President Barack Obama is seeking a Justice Department review of the implementation of the death penalty in the United States following the botched execution of a convicted murderer in Oklahoma, which he called “deeply troubling.”

President Barack Obama answers a question during a joint news conference with German Chancellor Angela Merkel, Friday, May 2, 2014, in the Rose Garden of the White House in Washington. (AP/Charles Dharapak)

Asserting he is for the death penalty for severe crimes, Obama wants Attorney General Eric Holder to report back to him on the findings.

“This situation in Oklahoma I think just highlights some of the significant problems there, so I’ll be discussing with Eric Holder and others to give me an analysis of what steps have been taken not just in this particular instance but more broadly in this area,” Obama said Friday. “I think we have some difficult questions around these issues.”

On Tuesday, convicted murderer Clayton Lockett died of an apparent heart attack 43 minutes after an apparent problem with the lethal injection drug cocktail in Oklahoma City. Lockett was convicted of shooting 19-year-old Stephanie Neiman and watching as two of his accomplices buried her alive in 1999. Neiman and a friend had interrupted the men as they robbed a home in Perry, Oklahoma.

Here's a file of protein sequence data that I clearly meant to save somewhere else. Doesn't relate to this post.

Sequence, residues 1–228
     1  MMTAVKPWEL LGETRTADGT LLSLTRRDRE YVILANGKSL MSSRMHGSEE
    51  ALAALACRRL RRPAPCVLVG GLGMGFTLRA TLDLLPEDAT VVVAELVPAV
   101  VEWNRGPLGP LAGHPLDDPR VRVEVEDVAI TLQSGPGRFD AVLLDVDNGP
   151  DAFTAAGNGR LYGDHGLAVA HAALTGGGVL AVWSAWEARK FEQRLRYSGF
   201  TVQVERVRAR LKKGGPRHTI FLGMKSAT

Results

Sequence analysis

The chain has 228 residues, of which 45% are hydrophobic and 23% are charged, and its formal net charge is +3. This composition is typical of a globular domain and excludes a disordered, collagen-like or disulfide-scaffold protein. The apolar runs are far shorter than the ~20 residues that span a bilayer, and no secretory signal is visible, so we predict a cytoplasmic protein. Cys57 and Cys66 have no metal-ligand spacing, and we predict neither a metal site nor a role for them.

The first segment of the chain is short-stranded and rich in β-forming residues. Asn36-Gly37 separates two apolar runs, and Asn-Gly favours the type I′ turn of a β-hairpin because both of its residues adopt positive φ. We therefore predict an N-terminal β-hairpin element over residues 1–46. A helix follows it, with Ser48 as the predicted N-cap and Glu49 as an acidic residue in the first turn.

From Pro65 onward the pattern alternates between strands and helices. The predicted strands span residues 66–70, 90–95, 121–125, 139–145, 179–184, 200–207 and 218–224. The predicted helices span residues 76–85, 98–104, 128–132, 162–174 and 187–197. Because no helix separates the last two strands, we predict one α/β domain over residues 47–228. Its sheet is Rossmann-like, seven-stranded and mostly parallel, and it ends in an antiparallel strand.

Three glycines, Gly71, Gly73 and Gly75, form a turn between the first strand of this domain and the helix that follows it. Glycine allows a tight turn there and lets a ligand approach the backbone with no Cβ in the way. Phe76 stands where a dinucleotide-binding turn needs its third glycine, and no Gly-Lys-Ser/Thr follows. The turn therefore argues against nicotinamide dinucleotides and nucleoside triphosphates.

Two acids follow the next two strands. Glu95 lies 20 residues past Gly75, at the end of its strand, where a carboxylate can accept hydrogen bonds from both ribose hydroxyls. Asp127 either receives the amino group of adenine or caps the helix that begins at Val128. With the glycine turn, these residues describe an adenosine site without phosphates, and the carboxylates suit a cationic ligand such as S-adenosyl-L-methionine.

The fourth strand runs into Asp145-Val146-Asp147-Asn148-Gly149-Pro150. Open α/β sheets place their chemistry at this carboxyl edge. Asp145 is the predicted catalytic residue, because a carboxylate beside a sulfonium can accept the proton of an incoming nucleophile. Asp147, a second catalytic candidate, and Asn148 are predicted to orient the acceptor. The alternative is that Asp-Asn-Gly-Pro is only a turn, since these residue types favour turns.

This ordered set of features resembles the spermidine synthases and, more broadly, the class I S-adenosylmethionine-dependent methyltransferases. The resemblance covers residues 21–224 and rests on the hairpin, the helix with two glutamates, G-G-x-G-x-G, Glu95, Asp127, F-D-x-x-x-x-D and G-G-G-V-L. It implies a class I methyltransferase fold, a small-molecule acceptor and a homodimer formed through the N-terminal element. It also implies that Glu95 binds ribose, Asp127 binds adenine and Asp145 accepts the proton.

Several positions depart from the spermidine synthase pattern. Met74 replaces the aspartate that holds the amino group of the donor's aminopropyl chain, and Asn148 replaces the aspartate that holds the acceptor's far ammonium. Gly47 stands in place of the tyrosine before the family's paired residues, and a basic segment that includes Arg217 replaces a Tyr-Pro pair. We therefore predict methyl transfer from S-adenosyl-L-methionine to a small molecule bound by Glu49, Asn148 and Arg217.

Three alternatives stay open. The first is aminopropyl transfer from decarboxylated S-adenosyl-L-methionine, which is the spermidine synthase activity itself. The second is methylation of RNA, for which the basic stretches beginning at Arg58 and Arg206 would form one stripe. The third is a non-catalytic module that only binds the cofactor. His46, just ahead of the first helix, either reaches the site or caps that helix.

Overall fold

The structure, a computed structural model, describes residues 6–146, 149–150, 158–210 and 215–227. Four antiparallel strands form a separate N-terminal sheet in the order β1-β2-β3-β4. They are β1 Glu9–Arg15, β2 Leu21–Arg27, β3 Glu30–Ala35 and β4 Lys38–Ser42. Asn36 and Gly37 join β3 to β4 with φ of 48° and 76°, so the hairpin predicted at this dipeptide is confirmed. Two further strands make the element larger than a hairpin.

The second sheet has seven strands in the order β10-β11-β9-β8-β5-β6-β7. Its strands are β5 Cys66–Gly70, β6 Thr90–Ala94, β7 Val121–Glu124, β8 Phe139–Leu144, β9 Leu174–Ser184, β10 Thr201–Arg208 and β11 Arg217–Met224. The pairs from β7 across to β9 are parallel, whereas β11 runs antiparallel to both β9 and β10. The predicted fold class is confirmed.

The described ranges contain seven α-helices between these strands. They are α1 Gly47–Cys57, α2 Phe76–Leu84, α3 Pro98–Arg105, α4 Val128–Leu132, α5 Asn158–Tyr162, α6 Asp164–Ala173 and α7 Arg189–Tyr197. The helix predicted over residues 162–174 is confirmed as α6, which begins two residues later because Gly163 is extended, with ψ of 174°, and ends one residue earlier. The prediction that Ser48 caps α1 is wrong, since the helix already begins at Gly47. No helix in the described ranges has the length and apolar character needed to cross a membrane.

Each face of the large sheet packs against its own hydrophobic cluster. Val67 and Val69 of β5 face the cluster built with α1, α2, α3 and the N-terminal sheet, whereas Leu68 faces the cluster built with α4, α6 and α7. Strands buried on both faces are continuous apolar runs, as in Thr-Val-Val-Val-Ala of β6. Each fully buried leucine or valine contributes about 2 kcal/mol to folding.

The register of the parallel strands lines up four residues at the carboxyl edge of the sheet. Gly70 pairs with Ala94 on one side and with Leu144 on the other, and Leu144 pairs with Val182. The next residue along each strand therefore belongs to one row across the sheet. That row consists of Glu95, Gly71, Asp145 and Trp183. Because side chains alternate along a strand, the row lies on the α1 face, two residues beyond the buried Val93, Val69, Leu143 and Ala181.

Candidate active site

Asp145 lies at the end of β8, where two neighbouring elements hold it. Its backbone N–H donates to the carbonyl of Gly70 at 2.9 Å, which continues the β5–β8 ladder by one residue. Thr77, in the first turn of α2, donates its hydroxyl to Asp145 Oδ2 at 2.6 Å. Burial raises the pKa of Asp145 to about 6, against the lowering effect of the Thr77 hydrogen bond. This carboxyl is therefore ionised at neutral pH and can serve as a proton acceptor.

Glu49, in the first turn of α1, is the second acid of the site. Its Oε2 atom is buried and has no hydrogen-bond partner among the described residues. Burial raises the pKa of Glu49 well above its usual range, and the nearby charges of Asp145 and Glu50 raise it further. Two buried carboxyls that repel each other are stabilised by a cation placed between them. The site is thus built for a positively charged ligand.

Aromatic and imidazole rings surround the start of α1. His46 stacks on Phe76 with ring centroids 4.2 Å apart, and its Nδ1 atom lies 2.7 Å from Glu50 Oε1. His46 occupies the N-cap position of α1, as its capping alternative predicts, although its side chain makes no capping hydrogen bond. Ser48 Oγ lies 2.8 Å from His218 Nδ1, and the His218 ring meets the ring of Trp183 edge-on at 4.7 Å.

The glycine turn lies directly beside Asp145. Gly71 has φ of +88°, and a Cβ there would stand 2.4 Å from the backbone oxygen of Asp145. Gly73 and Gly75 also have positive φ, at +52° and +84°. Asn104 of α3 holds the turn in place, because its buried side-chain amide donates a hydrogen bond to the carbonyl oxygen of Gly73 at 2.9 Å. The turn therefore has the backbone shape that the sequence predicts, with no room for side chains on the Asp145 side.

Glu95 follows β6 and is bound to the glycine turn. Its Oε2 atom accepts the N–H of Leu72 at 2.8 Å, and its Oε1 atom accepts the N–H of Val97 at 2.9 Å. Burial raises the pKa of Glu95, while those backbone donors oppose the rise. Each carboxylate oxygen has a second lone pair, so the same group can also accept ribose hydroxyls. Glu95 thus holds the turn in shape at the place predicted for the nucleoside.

Obama took a question on the botched execution during a joint White House press conference with German Chancellor Angela Merkel Friday.

“What happened in Oklahoma is deeply troubling,” the president said. “The individual who was subject to the death penalty had committed heinous crimes, terrible crimes and I’ve said in the past that there are certain circumstances in which a crime is so terrible that the application of the death penalty may be appropriate; mass killings, the killings of children.”

“I’ve also said that in the application of the death penalty in this country, we’ve seen significant problems; racial bias, an uneven application of the death penalty, situations in which there were individuals on death row who later on were discovered to have been innocent because of exculpatory evidence and all these, I think, do raise significant questions about how the death penalty is being applied,” Obama added.